You care about money.
Not because it buys you fancy watches and luxury cars. But because it buys you independence.
I know you care more about financial freedom than material possessions because you’re here instead of Instagram.
Starting this month, and for the next ten years, you have an extraordinary opportunity. You can become wealthy.
There’s no secret to growing wealth. It’s about learning what to do and executing the necessary actions.
A decade is enough time to fulfill your long-term financial goals and cope with assured uncertainty along the way.
I was broke and living my parents at the end of 2002, The only assets to my name were two dividend stocks (CVX, KO) worth about $1,500, and a few mutual funds in a retirement account leftover from my first job.
By August 2004, I was back on my feet, earning a decent salary, and starting to save and invest for my future. That’s when I began tracking my net worth, a monthly habit that continues today.
I used a basic spreadsheet for the first 10+ years, then switched to an automated net worth tracking tool.
You might remember the 2000’s. The decade started with a massive stock market bubble that popped in early 2000.
Then, terrorists attacked our economic center in New York City and our nation’s military headquarters, destroying thousands of lives and hundreds of billions in assets.
The Nasdaq market index declined 39% in 2000, 21% in 2001, and 31% in 2002.
Nobody trusted stocks anymore, so the money flowed into real estate properties. Home prices soared (ridiculously) but eventually crashed in an epic real estate and financial crisis, which triggered the second recession of the decade.
The entire real estate industry came to a halt. The mortgage markets failed, and the government had to step in to try to prevent a full-on meltdown.
It sucked, especially for those of us who bought homes in the middle of it. I spent two years paying off my second mortgage to make up for the mistake.
But at least I could keep my job. Many didn’t.
The real estate crisis led to several bank failures and corporate bankruptcies. The stock market started to crumble again in 2008, then fell in a cataclysmic crash, bottoming on March 9th, 2009.
Investors lost all confidence in the U.S. public stock markets for the second time in less than ten years.
Despite the tumultuous decade, my net worth grew 1,079% from August 2004 to the end of 2009.
Optimism was wholly absent from the stock and housing markets at the beginning of the last decade.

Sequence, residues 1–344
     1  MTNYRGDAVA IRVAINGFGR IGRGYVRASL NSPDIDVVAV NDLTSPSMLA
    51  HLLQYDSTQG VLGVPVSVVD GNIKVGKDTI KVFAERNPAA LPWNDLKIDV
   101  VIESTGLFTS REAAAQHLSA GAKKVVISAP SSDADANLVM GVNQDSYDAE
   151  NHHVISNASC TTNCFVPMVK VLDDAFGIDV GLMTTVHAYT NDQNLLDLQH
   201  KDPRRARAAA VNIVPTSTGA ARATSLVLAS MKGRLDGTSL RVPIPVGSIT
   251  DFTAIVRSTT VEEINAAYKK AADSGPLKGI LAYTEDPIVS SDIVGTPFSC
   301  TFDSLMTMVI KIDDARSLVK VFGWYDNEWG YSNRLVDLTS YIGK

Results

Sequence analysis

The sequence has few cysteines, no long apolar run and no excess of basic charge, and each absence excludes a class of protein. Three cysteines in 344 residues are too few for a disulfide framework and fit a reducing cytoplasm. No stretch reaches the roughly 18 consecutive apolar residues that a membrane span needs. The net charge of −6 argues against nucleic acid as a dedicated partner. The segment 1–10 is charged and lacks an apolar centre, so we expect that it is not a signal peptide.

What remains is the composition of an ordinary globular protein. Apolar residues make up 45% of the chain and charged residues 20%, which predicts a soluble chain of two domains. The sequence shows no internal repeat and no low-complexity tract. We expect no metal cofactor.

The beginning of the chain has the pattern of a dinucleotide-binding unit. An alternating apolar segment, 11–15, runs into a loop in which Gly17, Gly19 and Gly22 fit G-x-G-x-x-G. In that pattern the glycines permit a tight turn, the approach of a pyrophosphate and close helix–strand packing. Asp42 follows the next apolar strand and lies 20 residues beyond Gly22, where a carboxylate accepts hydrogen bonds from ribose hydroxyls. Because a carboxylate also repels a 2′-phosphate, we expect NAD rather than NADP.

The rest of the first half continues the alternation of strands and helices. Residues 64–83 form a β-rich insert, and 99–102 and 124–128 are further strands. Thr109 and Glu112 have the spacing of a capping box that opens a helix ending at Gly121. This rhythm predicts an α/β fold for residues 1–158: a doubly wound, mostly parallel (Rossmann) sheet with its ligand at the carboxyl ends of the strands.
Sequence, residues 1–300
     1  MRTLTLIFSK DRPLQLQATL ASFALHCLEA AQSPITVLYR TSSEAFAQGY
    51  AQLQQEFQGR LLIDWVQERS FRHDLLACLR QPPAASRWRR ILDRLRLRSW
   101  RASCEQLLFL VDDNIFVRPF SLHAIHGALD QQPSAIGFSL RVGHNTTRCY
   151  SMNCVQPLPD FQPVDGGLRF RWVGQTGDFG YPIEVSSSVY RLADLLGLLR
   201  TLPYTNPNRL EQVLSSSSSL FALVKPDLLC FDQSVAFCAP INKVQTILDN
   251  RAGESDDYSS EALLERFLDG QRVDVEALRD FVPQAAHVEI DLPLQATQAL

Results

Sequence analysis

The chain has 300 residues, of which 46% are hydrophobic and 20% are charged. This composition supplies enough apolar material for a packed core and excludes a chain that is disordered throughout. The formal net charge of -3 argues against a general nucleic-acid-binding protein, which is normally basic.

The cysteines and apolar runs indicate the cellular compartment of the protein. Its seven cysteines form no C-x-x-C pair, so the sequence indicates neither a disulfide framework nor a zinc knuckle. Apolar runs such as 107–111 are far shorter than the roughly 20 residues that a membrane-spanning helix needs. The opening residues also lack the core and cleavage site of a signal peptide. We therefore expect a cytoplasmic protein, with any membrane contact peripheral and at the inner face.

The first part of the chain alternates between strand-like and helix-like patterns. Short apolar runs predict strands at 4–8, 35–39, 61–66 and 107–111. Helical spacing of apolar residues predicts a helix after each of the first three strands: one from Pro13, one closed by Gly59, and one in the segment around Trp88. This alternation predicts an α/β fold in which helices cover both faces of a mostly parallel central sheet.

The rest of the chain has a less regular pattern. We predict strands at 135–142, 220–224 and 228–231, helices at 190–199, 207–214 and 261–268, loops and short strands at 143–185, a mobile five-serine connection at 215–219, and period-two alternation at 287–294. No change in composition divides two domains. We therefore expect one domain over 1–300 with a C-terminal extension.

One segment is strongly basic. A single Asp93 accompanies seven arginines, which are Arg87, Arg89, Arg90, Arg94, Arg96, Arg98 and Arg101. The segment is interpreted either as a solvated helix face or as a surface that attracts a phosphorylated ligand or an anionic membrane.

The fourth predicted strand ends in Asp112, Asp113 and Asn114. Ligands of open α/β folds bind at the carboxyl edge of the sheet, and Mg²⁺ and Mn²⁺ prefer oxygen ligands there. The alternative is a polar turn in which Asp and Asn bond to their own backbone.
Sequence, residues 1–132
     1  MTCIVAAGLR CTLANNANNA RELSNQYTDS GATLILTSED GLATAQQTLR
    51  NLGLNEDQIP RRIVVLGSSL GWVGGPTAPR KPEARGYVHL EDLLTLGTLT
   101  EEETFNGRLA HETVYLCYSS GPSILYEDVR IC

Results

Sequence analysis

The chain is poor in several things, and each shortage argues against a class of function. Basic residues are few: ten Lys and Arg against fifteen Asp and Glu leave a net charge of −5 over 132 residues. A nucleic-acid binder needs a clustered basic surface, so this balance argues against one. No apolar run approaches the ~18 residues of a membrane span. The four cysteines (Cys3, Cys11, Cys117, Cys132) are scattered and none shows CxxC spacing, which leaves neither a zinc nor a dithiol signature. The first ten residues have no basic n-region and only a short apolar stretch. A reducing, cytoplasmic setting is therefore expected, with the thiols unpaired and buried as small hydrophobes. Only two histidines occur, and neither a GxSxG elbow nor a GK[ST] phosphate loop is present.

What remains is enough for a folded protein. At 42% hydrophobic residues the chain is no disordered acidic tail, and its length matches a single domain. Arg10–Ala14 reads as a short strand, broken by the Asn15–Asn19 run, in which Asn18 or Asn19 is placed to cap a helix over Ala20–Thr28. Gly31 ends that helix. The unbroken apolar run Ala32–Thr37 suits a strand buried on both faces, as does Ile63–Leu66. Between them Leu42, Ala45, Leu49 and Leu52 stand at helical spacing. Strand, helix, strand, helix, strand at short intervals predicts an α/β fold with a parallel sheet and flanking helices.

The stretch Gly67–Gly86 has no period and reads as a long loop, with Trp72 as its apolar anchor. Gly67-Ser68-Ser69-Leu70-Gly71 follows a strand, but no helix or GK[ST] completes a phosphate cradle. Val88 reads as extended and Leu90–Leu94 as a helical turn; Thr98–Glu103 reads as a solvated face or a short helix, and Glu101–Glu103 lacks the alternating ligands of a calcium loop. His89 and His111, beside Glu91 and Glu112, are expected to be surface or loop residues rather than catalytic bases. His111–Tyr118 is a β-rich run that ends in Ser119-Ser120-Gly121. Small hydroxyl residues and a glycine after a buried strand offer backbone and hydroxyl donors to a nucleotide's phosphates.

The U.S. unemployment rate peaked at about 10% in January 2010. 157 banks failed that year.
Mortgage delinquency rates peaked at 11.50% in Q1 2010.
Life was difficult for a lot of people. Unemployment, foreclosures, short sales, and difficulty qualifying for a new mortgage were among the financial problems troubling Americans.
Those who were already vulnerable experienced severe economic hardship.
Real estate prices continued downward. Underwater homeowners were trapped — they couldn’t afford to stay in or sell their homes.
Anyone who invested in stocks during the dot-com learned a painful lesson. But when the market crashed again in 2008-2009, some investors swore off stocks for good (fool me twice, shame on me).
The system felt rigged to ordinary investors.
In a crisis, be aware of the danger – but recognize the opportunity. — John F. Kennedy
Nearly every talking head on CNBC said to sell, sit tight, and find other assets classes.
In hindsight, 2010 was the perfect time to buy stocks — in the nascent days of a 10+ year economic expansion.
From December 31st, 2009 to December 31st, 2019, last month, our household net worth grew 669%. Though, not due to any stock market timing.
Earned Wealth vs. Market Wealth
My wife and I married in 2010. We combined assets, income, and living expenses to accelerate our family wealth creation. Marriage and cohabitation are powerful financial maneuvers.
We moved to the suburbs and became landlords.
Our two incomes aggressively fed into our savings and retirement accounts until mid-2013. At that point, we became a one-income family.
Feeling the pressure to make up for the loss of Mrs. RBD’s income, I started my side business.